Feral Jundi [Arabic: draftee or private], who has commented on posts here from time to time, has a great piece on Hermann Balck.
Balck was undoubtedly Boyd’s favorite among the field commanders of WWII, ranking this relatively junior commander in such company as Stonewall Jackson, U.S. Grant, Field Marshals von Manstein and Rommel, and the US Generals Patton and MacArthur (Patterns 111).
For more information on the Truppenführung and the “Prussian” system generally, I strongly recommend Fighting Power by the Israeli historian Martin van Creveld (Greenwood Press, 1982).
Thanks for putting this out there Chet. I was only able to scratch the surface with Boyd and Balck and it would be cool if anyone else had more information to add to this post. It sounds like Lind was part of that crew that interviewed Balck as well, and that would have been a cool deal to listen in on. It would make for an awesome MP3 or podcast if it was recorded. Were you in on that?
Thanks for the comment. I wasn’t in the sessions, and I don’t think Lind was, either. As Gary Hart’s military affairs person, Lind may have sat in on some of the other interviews Balck gave on that trip. The first interview starts with “In previous conversations …”
A recording of those interviews would indeed be a find. I’ve never heard Pierre or anybody else talk about a tape — it’s been 33 years and it may have been lost.
Interesting, and that would be a cool interview to listen too.
You know, now I am focused on this ‘Prussian military tradition’ that Balck was talking about. I think it might center around Helmuth von Moltke and his ideas, but I am not sure about that. What I am getting at is this idea of expressing yourself bluntly to superiors.
Do you have any ideas about the source of this tradition or if this was common in the German military at the time? Or is this something that only Balck did? Here is Balck’s quote:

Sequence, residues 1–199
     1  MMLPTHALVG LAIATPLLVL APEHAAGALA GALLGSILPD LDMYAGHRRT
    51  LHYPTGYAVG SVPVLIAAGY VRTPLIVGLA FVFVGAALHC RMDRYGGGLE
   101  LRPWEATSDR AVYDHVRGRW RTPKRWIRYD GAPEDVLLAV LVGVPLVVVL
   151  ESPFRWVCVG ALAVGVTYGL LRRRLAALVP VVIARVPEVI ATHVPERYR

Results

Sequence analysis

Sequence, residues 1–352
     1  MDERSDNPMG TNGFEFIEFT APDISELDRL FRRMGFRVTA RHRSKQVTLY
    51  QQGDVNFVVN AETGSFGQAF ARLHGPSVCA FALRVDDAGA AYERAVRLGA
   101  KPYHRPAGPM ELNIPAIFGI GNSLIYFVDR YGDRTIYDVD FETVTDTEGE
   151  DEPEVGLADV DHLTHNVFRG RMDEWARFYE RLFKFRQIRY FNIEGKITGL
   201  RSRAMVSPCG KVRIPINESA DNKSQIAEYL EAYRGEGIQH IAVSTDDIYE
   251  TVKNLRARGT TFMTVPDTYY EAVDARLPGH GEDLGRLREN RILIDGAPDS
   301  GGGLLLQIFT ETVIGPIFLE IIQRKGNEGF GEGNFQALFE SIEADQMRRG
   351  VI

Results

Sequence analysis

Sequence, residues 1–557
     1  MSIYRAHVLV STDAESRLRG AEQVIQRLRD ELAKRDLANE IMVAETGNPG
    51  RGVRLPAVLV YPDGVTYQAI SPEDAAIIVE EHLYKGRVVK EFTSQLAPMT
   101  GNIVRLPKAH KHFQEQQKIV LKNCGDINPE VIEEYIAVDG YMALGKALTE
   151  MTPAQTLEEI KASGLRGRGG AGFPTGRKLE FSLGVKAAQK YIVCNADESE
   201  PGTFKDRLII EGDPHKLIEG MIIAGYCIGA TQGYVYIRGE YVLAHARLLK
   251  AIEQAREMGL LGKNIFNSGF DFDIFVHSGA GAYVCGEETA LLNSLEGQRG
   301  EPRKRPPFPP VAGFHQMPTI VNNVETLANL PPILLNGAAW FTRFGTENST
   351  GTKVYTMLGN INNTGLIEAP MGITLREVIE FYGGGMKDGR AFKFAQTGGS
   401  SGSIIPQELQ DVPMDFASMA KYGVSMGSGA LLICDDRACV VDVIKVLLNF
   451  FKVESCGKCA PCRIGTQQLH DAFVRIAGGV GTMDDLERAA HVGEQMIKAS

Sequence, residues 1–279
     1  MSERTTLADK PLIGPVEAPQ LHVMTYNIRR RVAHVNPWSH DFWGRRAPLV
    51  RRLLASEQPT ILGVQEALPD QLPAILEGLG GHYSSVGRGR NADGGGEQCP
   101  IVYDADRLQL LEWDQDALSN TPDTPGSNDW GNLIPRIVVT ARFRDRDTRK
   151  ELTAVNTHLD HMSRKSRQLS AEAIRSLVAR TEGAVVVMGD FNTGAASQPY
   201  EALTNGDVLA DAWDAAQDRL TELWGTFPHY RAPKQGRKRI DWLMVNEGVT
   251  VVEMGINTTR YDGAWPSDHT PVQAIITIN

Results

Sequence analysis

“Model listened to everything I said. We both expressed our opinions, shook hands and returned home. He never came to see me again. But every time I got a new assignment, he was one of the first to congratulate me.
That was one of the great Prussian military traditions: you expressed yourself bluntly but you were expected to never resent such blunt criticism.”
It was well established in the Germany Army, but people differ over how deeply. I’ve heard it suggested that only those who were in during the inter-war period really understood it. You can find evidence, for example, in van Manstein’s Lost Victories. One of the reasons often cited for Germany’s losing the war was Hitler’s interference in day-to-day operations, that is, his not using Auftragstaktik later in the war.
The source I like best is the one I mentioned, van Creveld’s Fighting Power. Incidentally, van Creveld, in The Changing Face of War, doesn’t buy the Hitler excuse. He says that Germany was too small and Europe too large for Germany to have kept their empire for very long, that is, that insurgency would have defeated the Wehrmacht in the end. According to Boyd, it’s a position that Balck also held.
Thanks Chet. So I guess Balck was just speaking generally in regards to Auftragstaktik?
I looked and looked for any specific references to the ‘express yourself bluntly but you were expected to never resent such blunt criticism’ type concept. I was kind of hoping for some specific German phrase and/or incident that encompasses that concept, and I guess Auftragstaktik will do.
Or I could call it Balcking or Unter Kritik. lol
Auftragstaktik is a fantastic concept though and I am thinking of adding it to my Jundism list. It definitely makes a lot of sense.
I know I’ve come across the expressing yourself bluntly idea in literature before WWI. I’d have to go back and look but I think it shows up in Samuel’s Command or Control (http://www.goodreads.com/book/show/3990972-command-or-control) and a kernel of the idea I think can be traced somewhat back to Scharnhorst ( http://www.goodreads.com/book/show/2467215.The_Enlightened_Soldier).
Part of the schooling for General Staff candidates included them discussing how they would handle different scenarios.. Instructors would challenge them by insisting a different approach was better, and the students would be downgraded if they changed their mind to match moreso than giving a bad solution.
I also remember coming across the idea that the Prussians operated on the assumption that if you were in a position of command you were already competent, so criticism didn’t mean you were bad at your job and going to get fired. Can’t remember where that bit came from though.
I’m pretty sure that example and others pointing to open communication being institutionalized in the Prussian Military run from mid-Napoleon on (with some push back after Napoleon was gone once and for all). If anything the dismantling and rapid reassembly of the German Army post WWI would have diluted the idea. At least that’s my take on it.